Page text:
Smart stimulus: Cash as codeon September 9, 2020 at 8:28 am

Over the past six months, central banks and governments have unlocked financial floodgates to deal with the economic fallout of covid-19. As early as April, 106 countries had introduced or adapted social protection programs, mostly cash transfers, to help those affected by the pandemic. A McKinsey analysis of 54 countries estimates that governments had committed $10 trillion by June, through grants, loans, and furlough payments to unemployment benefits and welfare. The quantities far outstrip the 2008 financial crisis (see chart).

This article was written by Insights, the custom content arm of MIT Technology Review. It was not produced by MIT Technology Review’s editorial staff.

Running parallel to this state spending spree is a full-bodied embrace of digital finance by citizens. Paper cash and coins are potential vectors for the virus (one municipal authority in India even banned the use of paper cash for home deliveries). The movement to online commerce helped millions of consumers grow accustomed to digital spending, and they will not likely return.

A once-in-a-generation cash infusion

Some forward-looking governments and central banks are combining the two, by using digital technology to disburse funds quickly and efficiently, and unlocking more data about the shape of the economic recovery. Experimental policymakers are using this once-in-a-generation cash infusion to reimagine how governments make payments to citizens.

In Hangzhou, China, municipal authorities are working with Alibaba, headquartered there, to launch a digital-coupon stimulus program via the Alipay platform. Coupon-based recovery initiatives are not new–the city used a paper scheme during the 2008 crisis–but releasing them digitally, in a real-time lottery, allows the government to analyze how coupons are spent, unearthing data about the economic recovery. Unlike paper, digital coupons are flexible; the number, value, and thresholds at which they are used are adjustable over time, allowing authorities to shift them to sectors most in need. The program has been replicated in more than 100 cities across China.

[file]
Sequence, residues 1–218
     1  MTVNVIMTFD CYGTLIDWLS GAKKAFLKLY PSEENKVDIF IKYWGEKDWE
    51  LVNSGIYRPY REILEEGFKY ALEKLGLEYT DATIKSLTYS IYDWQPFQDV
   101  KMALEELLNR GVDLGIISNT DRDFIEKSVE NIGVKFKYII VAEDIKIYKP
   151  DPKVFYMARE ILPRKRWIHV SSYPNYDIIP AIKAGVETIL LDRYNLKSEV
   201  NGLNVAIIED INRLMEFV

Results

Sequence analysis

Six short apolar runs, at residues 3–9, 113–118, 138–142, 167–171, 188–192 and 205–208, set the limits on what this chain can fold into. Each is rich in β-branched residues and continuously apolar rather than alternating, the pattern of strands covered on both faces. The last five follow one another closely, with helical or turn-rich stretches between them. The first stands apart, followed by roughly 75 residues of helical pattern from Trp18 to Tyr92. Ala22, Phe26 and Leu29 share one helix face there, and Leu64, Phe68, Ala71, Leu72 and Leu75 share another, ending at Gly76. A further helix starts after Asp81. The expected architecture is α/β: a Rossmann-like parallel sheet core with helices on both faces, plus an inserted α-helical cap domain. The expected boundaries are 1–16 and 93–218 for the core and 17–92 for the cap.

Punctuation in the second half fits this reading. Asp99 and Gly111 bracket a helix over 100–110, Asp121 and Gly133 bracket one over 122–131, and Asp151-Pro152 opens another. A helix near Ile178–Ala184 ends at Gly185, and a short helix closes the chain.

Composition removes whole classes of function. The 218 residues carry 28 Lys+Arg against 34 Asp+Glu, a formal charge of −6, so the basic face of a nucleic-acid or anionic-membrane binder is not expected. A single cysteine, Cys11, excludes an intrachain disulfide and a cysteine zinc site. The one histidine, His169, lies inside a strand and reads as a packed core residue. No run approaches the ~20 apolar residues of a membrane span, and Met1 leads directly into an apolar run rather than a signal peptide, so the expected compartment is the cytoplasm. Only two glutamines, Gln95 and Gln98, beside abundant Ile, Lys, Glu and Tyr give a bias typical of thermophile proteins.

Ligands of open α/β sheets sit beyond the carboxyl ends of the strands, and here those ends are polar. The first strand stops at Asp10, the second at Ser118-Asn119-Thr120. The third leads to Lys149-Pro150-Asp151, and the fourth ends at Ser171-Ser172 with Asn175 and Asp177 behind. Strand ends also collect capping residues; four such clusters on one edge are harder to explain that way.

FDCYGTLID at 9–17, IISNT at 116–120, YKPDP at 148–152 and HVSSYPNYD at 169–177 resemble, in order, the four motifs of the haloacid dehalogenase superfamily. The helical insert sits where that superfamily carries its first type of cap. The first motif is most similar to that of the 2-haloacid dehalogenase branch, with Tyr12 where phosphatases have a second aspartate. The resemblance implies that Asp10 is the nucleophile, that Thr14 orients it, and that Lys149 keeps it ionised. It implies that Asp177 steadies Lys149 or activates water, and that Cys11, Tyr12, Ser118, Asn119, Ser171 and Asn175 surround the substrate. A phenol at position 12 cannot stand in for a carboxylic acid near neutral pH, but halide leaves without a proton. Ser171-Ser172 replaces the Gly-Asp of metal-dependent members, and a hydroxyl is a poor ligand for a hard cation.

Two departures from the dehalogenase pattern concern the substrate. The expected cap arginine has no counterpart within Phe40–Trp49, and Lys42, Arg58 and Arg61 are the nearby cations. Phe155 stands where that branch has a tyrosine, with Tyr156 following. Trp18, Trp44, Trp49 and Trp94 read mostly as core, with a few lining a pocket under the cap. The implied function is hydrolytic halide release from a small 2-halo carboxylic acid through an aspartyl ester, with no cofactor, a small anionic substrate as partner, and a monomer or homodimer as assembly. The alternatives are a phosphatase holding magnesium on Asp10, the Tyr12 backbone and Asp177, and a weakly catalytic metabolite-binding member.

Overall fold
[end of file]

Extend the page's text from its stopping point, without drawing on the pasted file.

China was already a frontrunner in digital finance. The digital yuan is on track to be the world’s first sovereign digital currency and is currently in pilot mode with four state-owned commercial banks. But many other countries are funneling stimulus funds through digital pipes. Malaysia’s federal government disbursed $110 million to almost half the population via three e-wallets–Grab, Boost, and Touch ‘n Go–helping jumpstart the digital payments industry.

Ghana, the first country to launch a covid-related digital financial services policy, has removed fees on low-value remittances, relaxed transaction and wallet size limits for mobile money, enabled authentication processes to be transferable from SIM registrations, and cut rates on interbank transactions. Neighboring Togo built a digital cash transfer program called Novissi, providing monthly aid to informal sector workers. Cash transfers are paid out every two weeks into a mobile money account, at $21 for women and $19 for men. Despite the challenges of reaching beneficiaries who, by definition, lack paperwork and authentication documents, the project was assembled in just 10 days, using the national voter database, to serve 12% of the population. It has since evolved to focus more on specific parts of the country, unfolding policy choices like district-level movement restrictions.

Just as Togo used existing assets such as the voter database, other countries have built covid payments on infrastructures already in place. In Chile, a national ID-linked service, CuentaRut, supports low-income people, and it has been used to channel payments of the government’s “Bono covid-19” emergency assistance funds into the bank accounts of more than 2 million citizens. Peru is scaling up its government-to-citizen system to increase payments to existing and new beneficiaries, working with new financial service providers, including private banks and mobile money companies.

This all stands in contrast to the United States, the world’s largest, most technologically sophisticated economy, which has remained in the payments dark ages; an estimated 70 million American families turned to bank overdrafts, payday loans, and check cashers while they waited for paper checks to arrive in the mail.